From the light of the projector emerges a darkness that is hard to shake. An intense rush of acid-drenched imagery fills the screen: a hanged man kicks and shudders as the life leaves his body; naked, face hidden in shadow, a man draws a knife across his heart; a top-hatted trickster tokes from a skull-shaped pipe; a deranged psychedelic sorcerer swirls, screams and waves his arms around; a cloaked and horned figure presides over shots of Hells Angels, cavorting hippies and Mick Jagger performing in Hyde Park. Kaleidoscopic swirls, occult symbols and tattoos flit across the screen throughout, subliminal in intent. The only sound is a slow, atonal Moog pulse, provided by Jagger himself.
Welcome to the world of Kenneth Anger, occultist, underground film -maker and unofficial custodian of Hollywood's secret life. The images above are from Invocation of My Demon Brother, released in August 1969. Anger says it portrays "the shadowing forth of Our Lord Lucifer" - the light bringer, appropriately enough for a filmmaker. Whatever manifested as a result of this celluloid ritual, it certainly brought all the bad things with it.
The magus in the film is Anger himself, while the horned man is Anton LaVey, founder of the then-bustling Church of Satan. The cat in the hat is Bobby Beausoleil who, within weeks of the film's release, began a life on the inside, along with other members of Charlie Manson's extended "Family". Beausoleil, Haight Street dandy and occasional member of Arthur Lee's Love, played a key part in the torture and murder of Gary Hinman; the crime for which, some have suggested, the August 9 murder of Sharon Tate was intended to serve as a distraction.
The Stones were filmed at Hyde Park three days after the death of their inspirational cosmic joker, Brian Jones, who was deeply enmeshed in Anger's London magic circle. Four months after the film's release, the Stones played their catastrophic Altamont gig where Hells Angels, given control of security, terrorised the audience leaving one man dead. It was the death of an era, and Anger had caught it on camera.
Anger was drawn to the dark side at an early age. As an artist and homosexual growing up in '40s America, he immediately identified with outsiders, developing a fascination in all that was hidden from view. Before long he found himself a mentor in the notorious English occultist and decadent Aleister Crowley, by this time a wasted shadow of his former self, dying slowly in a Hastings boarding house. In 1955 he travelled to Cefalu, Sicily with the infamously unorthodox sexologist Alfred Kinsey where they were the first to uncover the pansexual murals at Crowley's Abbey of Thelema.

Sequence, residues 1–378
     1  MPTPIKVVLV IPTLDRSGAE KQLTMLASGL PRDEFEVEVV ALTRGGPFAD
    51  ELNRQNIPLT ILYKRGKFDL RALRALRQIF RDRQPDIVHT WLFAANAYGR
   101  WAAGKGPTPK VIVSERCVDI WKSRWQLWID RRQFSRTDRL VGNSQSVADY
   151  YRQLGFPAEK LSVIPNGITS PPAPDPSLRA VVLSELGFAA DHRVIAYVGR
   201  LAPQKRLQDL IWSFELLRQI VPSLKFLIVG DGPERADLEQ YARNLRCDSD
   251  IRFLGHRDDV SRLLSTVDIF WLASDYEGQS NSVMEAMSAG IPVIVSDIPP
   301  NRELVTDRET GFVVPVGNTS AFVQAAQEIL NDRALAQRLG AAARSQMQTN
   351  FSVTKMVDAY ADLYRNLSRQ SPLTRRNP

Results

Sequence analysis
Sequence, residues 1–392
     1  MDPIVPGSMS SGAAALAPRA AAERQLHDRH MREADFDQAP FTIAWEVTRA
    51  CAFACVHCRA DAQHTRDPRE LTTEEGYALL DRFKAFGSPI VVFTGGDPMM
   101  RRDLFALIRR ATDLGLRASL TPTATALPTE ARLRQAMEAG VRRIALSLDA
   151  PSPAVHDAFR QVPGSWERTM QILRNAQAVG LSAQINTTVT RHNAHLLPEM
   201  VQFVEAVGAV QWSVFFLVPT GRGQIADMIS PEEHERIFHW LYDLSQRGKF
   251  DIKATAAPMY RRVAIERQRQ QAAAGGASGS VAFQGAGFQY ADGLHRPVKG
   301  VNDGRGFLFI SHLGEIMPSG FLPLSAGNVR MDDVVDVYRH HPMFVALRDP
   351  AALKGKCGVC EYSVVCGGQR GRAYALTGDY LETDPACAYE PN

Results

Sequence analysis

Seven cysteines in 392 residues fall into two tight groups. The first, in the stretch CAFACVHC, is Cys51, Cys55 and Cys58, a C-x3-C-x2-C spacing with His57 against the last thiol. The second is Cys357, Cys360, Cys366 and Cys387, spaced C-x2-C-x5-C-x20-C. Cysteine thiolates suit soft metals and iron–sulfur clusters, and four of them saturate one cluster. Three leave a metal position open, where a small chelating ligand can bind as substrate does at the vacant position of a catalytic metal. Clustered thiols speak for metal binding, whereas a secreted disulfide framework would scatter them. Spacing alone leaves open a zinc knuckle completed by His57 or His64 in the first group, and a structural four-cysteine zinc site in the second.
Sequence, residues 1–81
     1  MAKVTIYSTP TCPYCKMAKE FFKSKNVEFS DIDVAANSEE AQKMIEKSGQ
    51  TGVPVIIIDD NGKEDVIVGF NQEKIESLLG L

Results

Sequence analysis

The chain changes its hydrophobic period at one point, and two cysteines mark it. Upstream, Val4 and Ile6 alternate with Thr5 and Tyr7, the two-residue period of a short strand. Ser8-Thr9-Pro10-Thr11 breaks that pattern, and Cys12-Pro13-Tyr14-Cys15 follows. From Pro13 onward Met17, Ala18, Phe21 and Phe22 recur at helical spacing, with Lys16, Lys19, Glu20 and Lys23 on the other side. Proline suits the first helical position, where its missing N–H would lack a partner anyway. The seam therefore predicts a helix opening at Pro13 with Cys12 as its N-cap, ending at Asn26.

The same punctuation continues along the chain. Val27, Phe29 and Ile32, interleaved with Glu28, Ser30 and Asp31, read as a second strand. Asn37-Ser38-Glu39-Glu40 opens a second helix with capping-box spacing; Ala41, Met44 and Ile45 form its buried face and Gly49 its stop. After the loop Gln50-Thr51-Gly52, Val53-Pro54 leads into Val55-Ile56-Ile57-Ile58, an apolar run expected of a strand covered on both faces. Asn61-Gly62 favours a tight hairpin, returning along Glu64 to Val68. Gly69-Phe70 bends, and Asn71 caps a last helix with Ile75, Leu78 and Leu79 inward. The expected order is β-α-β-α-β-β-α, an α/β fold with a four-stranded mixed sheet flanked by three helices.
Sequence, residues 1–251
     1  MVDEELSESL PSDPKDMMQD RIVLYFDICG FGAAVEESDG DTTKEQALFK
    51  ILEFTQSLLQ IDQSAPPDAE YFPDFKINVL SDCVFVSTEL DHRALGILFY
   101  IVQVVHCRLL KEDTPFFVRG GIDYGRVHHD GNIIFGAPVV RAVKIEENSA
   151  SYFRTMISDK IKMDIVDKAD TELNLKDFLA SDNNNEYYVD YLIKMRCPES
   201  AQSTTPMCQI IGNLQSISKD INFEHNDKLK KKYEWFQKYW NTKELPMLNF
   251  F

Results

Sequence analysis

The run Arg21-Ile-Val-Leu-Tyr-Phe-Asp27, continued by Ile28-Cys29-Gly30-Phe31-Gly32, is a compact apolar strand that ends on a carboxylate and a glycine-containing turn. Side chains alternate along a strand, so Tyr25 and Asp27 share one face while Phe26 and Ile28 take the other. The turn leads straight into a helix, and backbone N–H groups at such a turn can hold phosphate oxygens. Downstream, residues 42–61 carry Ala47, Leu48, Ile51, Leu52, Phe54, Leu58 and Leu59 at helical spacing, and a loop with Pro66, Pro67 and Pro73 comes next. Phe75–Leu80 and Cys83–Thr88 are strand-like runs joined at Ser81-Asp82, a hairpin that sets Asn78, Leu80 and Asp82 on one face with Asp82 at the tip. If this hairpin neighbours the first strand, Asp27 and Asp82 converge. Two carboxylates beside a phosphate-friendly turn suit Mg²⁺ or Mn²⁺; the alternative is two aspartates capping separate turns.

In the late 60s, as the Haight Hashbury scene collapsed into an ugly acid and speed psychosis, Anger packed up and descended on a still-swinging London. With his knowledge of all things arcane, he soon found himself installed as the Stones' Satanic Majesty, and, in darker moments, takes credit for bringing about their double bummer of '69. He once famously freaked out Keith Richards and Anita Pallenberg by painting the inside of their front door gold - while supposedly out of the building - in accordance with plans for a pagan marriage ceremony that ultimately never took place. Meanwhile Anger got to start on his long-projected paen to the hippy revolution and the eternally imminent dawning of the age of Aquarius, Lucifer Rising.
Work on the film had begun in San Francisco with Beausoleil as Lucifer, but, Anger claims (and Beausoleil still denies), that his fallen angel ran off with the film, burying it in the desert. With Bobby in jail, Mick Jagger was to be Lucifer mark two, with London's bright and beautiful filling out the rest of the cast and fellow Crowleyite Jimmy Page providing the music. But Anger's scarlet temper and manipulative ways soon saw him fall out with just about everybody. Eventually he managed to take Jagger's brother Chris, Marianne Faithful and Performance director Donald Cammell out to Egypt, though the completed work would not be seen until 1980. Things turned particularly sour with the equally fiery Page, who at one point had Anger slated to direct Led Zeppelin's The Song Remains the Same.
Anger has never been a prolific filmmaker, and is equally celebrated for his infamous Hollywood Babylon books. These photo documentaries chart tinsel town's seamier episodes in all their fallen glory. Murder, rape, suicide and scandal are all covered with gloating gusto. With two volumes under his belt, Anger is sitting on a third until some of those featured are no longer able to take legal action. It's said to include the legendary Brando blow job photo and a chapter on Scientology's impact in Tinsel Town.
And what of Anger today? His rumoured return to celluloid, The Gnostic Mass, a Crowley ritual intended to be his first dialogue film, with a Coil soundtrack, seems to be on hold due to lack of funding. A film about Crowley's paintings A Man We'd Like to Hang is also in the offing. "I don't want to make films for the typical American teenager, who's a moron," says the still fiery 70-something director, and if anyone's got a cool million to spare, Anger's ready to shoot his own script about Crowley's time at Cefalu. So there's life in the old devil yet.